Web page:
In 1872 Thomas J. Emerson erected the large factory building at Third Street and the State Street Bridge. It is one of the industrial buildings that was constructed around Racine’s downtown commercial center. The factory was built in Italianate Style, with segmentally arched windows and decorative stringcourses outlining the gabled parapet at the front. The original building can be distinguished from the addition by the peaked roof; the addition has a flat roof.
According to the deed for the building, by 1883 Thomas had a flax mill in the building. Thomas ran the company, then known as Emerson and Company Linseed Oil Works, with his two sons, William and Charles. The plant had the capacity for processing 100,000 bushels of seed into oil annually. After 27 years of business, the factory was sold to the American Linseed Oil Company of New Jersey and new management took over.
Shortly before the turn of the century the flax business slowed to a halt and the building was bought by David P. Wigley in 1905.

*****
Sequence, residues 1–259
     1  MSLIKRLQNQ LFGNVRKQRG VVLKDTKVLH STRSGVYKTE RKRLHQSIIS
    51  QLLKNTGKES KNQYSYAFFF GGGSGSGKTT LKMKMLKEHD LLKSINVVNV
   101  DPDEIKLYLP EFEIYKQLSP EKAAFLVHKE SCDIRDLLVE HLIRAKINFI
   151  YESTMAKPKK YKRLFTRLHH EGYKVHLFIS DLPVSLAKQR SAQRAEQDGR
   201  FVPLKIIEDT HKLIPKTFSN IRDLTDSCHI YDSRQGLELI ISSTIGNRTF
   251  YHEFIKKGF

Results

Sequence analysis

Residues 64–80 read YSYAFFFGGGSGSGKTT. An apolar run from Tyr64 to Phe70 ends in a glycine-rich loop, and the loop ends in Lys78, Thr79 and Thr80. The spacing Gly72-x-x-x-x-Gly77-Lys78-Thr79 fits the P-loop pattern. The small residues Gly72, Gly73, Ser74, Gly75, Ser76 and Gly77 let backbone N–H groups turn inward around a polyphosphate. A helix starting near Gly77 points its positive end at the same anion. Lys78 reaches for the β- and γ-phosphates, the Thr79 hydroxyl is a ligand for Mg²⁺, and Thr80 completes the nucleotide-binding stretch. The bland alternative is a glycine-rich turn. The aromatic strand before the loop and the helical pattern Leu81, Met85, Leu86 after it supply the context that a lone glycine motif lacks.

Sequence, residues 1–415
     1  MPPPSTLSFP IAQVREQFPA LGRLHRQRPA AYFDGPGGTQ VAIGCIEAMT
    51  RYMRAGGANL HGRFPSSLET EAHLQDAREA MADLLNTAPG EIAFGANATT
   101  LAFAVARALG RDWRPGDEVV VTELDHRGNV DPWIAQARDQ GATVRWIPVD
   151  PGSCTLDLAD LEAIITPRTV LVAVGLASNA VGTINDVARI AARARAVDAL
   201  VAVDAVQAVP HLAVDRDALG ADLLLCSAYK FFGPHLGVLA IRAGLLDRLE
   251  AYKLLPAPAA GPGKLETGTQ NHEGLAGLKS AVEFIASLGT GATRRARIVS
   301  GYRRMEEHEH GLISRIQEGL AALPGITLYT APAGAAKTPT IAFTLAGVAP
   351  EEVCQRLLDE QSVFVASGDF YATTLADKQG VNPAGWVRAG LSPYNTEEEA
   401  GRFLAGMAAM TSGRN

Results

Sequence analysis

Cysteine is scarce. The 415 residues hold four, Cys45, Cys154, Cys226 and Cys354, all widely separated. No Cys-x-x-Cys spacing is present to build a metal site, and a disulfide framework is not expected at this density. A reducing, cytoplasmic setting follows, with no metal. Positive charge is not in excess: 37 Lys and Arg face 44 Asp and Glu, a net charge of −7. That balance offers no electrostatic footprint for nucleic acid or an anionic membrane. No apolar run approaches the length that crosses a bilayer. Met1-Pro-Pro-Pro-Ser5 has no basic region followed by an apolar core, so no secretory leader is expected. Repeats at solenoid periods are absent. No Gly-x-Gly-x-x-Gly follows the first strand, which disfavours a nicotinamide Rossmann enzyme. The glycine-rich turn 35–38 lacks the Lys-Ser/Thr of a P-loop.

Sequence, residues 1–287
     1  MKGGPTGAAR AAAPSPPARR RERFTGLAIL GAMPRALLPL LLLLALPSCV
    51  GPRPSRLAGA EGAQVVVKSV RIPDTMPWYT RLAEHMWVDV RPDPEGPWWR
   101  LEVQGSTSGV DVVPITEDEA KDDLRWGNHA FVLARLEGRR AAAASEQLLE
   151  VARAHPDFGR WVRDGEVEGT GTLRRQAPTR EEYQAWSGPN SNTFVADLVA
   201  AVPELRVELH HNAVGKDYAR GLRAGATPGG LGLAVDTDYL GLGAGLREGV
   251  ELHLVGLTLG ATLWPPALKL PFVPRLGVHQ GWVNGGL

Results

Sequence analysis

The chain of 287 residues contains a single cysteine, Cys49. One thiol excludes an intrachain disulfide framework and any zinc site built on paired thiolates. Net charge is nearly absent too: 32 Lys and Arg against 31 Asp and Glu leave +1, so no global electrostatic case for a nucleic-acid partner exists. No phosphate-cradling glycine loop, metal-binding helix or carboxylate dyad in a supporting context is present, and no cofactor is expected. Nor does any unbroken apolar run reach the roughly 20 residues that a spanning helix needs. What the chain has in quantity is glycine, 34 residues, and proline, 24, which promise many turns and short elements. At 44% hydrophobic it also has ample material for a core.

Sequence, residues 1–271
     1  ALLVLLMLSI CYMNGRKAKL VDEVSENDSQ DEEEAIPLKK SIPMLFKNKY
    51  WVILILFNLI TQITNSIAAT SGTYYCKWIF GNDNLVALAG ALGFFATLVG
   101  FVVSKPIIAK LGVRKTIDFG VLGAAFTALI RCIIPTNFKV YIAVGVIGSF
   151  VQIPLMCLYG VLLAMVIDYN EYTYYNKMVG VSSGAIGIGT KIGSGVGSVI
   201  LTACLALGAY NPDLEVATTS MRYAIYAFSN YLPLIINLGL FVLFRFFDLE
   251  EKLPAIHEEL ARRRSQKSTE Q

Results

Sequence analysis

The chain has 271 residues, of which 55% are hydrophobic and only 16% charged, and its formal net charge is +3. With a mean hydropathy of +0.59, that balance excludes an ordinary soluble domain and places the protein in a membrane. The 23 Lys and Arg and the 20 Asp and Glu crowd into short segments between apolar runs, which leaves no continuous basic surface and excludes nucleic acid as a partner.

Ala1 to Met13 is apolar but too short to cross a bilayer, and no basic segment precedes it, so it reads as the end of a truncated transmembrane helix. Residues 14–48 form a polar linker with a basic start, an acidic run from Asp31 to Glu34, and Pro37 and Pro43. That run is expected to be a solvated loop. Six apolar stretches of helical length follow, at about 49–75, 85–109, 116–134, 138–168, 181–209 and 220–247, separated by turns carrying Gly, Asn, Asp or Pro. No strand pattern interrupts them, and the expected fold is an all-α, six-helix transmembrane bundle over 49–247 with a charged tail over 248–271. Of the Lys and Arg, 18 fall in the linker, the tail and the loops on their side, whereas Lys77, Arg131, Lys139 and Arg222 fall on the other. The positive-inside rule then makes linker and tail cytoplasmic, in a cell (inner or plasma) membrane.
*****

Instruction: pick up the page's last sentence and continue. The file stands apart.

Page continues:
David was a carpenter working for the J.I. Case Company but left just before the turn of the century and decided to start his own business. He first started selling flour and bag cement out of his south side home, but as the business grew he moved to the new location. Early signs on the building advertised Ber Hur Flour, seeds, twine, flour, feed, and grains. The company was incorporated shortly before David’s death in 1910. After, members of the corporation operated the business, including his nephew Gleason Morris, and brothers-in-law James Fraser and Howell Jones.
The D.P. Wigley Company continued to sell flour to bakeries, grind and mix feed for animals, put together a healthy mix of seeds, millet, and other ingredients for wild birds, and sell straw and hay until being bought by Mark and Christine Flynn.
Mark and Christine bought the former Racine City Mill with its painted advertisements for $165,000, and have plans to turn the space into a microbrewery, a restaurant, and apartments. The upper level has been renovated to be a living space, the main floor is currently a feed and seed and brewery supply store. The rest is still being renovated.
When boating up the Root River, be sure to go past this building. The building, with all its faded advertisements, in its entirely can be seen from the river. When looking at the building from Wisconsin Avenue, it appears to be a two story building with an attic, but when looking at it from the River the full six stories are visible.